When I woke up on Thursday, the World was different. I was different. The appellation "long-suffering" dropped away from that other sobriquet "Cubs fan." I spent five hours in front of a television watching all that history and all those curses drop away. That which could never happen had happened. The Chicago Cubs had won the World Series. As noted astronomer and Tweeter spent a good portion of the day before reminding us all of the historical perspective. The one that stuck with me was about how the last time something like this occurred Mark Twain was still alive. In the century-plus since the Cubs won it all, wars were fought, won and lost. Elections were held and contested while Democracy chugged along. Professional football was still a fringe sport. People lived and died without ever seeing the Cubs win a World Series, even though they saw Halley's Comet twice.
My grandfather didn't live to see Halley's Comet twice. He may never have walked out to look up at the night sky, but he knew the inside of that tavern in Salina, Kansas. His refuge from the pressures of being a family man, he whiled away the hours before he had to go home socializing and listening to the ball game. The radio kept him in touch with the only team he cared about: The Chicago Cubs. On Wednesday night, I'm guessing Ira Caven pushed away from the bar and hopped off his stool. Last call. It was time to go home.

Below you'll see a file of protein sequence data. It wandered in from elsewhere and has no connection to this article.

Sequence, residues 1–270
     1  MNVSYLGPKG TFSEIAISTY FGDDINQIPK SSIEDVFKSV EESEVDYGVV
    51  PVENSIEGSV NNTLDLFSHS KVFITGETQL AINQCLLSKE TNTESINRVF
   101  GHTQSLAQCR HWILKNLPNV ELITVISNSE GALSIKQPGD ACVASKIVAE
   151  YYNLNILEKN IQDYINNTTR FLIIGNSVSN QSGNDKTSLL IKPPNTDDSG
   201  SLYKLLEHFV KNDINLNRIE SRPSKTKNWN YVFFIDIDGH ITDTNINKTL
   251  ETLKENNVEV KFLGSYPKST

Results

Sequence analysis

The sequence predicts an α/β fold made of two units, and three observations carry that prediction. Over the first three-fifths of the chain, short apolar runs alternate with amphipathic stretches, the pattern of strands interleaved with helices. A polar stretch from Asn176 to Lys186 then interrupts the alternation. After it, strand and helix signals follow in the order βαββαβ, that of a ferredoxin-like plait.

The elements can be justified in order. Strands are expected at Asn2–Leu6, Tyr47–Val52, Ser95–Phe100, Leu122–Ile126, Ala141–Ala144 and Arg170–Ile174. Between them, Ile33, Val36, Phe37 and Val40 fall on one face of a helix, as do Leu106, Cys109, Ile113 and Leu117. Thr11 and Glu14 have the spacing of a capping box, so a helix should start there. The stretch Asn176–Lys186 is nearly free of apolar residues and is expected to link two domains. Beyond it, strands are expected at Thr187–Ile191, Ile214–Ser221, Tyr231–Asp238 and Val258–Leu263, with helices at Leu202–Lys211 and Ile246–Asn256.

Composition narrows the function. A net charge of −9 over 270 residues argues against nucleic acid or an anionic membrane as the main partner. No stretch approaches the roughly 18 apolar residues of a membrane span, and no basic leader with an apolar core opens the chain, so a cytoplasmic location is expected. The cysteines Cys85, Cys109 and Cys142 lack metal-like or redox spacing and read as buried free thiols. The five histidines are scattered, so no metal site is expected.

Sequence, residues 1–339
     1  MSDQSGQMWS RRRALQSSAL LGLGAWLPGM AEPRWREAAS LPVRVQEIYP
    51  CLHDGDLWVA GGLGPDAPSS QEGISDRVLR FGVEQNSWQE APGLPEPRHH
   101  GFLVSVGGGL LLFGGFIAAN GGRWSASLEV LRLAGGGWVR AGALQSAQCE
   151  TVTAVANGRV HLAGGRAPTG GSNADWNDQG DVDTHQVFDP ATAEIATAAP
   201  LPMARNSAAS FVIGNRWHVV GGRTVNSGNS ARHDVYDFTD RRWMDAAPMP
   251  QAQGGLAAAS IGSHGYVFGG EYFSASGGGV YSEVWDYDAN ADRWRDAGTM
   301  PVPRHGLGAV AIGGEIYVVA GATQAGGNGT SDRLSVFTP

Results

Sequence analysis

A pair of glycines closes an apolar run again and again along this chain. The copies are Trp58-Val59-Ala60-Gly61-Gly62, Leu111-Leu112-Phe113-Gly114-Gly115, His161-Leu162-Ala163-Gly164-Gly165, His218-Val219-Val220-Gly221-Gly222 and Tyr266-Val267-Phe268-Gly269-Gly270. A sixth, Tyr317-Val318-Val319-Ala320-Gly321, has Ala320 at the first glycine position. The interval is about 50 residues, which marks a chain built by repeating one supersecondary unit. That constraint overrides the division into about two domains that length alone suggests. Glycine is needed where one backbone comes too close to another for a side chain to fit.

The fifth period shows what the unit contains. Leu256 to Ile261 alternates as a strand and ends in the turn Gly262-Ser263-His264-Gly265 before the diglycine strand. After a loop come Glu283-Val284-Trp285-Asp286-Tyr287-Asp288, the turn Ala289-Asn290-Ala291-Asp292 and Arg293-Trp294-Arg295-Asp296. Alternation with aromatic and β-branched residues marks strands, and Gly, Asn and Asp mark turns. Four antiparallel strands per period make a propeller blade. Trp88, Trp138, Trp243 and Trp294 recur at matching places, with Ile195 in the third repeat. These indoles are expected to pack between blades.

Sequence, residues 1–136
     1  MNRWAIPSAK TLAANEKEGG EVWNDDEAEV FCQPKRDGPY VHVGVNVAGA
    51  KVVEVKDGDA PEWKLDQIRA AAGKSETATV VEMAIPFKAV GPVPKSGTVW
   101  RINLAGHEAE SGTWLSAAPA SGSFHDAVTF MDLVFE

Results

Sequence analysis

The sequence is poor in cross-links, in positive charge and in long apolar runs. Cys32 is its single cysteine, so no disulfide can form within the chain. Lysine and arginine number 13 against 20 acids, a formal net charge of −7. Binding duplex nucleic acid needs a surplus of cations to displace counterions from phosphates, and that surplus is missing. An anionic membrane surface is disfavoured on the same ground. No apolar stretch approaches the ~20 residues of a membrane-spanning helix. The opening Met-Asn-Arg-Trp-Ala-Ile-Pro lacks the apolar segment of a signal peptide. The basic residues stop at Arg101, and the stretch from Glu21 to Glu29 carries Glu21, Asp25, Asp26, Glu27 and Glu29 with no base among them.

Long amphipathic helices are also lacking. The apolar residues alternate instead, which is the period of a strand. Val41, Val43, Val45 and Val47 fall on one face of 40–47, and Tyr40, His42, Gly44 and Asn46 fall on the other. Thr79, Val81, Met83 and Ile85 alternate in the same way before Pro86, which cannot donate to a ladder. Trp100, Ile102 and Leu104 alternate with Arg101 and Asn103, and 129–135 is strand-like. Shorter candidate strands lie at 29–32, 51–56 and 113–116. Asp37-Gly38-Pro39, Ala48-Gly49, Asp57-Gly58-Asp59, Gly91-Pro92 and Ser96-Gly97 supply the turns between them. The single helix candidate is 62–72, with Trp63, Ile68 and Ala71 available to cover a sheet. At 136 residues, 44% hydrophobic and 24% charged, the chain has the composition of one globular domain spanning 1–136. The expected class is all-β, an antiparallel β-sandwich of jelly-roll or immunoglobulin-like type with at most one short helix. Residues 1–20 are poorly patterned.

When he got there, nobody was home. They had all moved to Boulder, Colorado. The series of events that lead to me sitting in front of this keyboard had been set in motion. I only met my grandfather once. He was frail, health fading, in a rest home. I took my cues from my father, who seemed to be anxious to be done with the visit, and so I never got to talk to him about the apocryphal story that has now been told for a generation or more about how we became Chicago Cubs fans. It has only now occurred to me how that might have made him feel. Would it be worth losing your wife and children to travel to see a World Series game?
I don't guess that was the precise transaction, but I would imagine the regrets he felt over the years were real and significant. Had the Cubs ended up winning back in 1945, maybe it would have given him some solace. I hope that now the curse has been lifted and Chicago World Series Champions is no longer a punch line he can rest more easily.
I know I will.